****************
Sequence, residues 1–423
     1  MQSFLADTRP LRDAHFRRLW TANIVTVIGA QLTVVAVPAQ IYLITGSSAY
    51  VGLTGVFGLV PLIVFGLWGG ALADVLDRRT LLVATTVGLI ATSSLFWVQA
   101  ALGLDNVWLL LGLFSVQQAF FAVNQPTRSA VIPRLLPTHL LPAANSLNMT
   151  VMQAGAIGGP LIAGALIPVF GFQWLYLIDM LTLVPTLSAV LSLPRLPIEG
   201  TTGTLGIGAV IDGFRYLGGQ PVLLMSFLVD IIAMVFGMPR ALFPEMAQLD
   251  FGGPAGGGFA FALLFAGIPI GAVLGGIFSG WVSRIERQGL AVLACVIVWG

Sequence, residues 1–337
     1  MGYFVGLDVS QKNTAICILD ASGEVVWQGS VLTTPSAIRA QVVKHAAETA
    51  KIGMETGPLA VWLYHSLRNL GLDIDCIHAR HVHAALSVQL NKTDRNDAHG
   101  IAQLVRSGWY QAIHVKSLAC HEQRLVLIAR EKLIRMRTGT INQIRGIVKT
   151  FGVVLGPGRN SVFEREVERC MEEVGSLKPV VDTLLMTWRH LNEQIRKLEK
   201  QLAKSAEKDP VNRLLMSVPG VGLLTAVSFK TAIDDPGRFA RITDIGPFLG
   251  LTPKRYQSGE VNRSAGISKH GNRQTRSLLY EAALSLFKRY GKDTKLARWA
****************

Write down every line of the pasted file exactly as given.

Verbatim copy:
Sequence, residues 1–423
     1  MQSFLADTRP LRDAHFRRLW TANIVTVIGA QLTVVAVPAQ IYLITGSSAY
    51  VGLTGVFGLV PLIVFGLWGG ALADVLDRRT LLVATTVGLI ATSSLFWVQA
   101  ALGLDNVWLL LGLFSVQQAF FAVNQPTRSA VIPRLLPTHL LPAANSLNMT
   151  VMQAGAIGGP LIAGALIPVF GFQWLYLIDM LTLVPTLSAV LSLPRLPIEG
   201  TTGTLGIGAV IDGFRYLGGQ PVLLMSFLVD IIAMVFGMPR ALFPEMAQLD
   251  FGGPAGGGFA FALLFAGIPI GAVLGGIFSG WVSRIERQGL AVLACVIVWG

Sequence, residues 1–337
     1  MGYFVGLDVS QKNTAICILD ASGEVVWQGS VLTTPSAIRA QVVKHAAETA
    51  KIGMETGPLA VWLYHSLRNL GLDIDCIHAR HVHAALSVQL NKTDRNDAHG
   101  IAQLVRSGWY QAIHVKSLAC HEQRLVLIAR EKLIRMRTGT INQIRGIVKT
   151  FGVVLGPGRN SVFEREVERC MEEVGSLKPV VDTLLMTWRH LNEQIRKLEK
   201  QLAKSAEKDP VNRLLMSVPG VGLLTAVSFK TAIDDPGRFA RITDIGPFLG
   251  LTPKRYQSGE VNRSAGISKH GNRQTRSLLY EAALSLFKRY GKDTKLARWA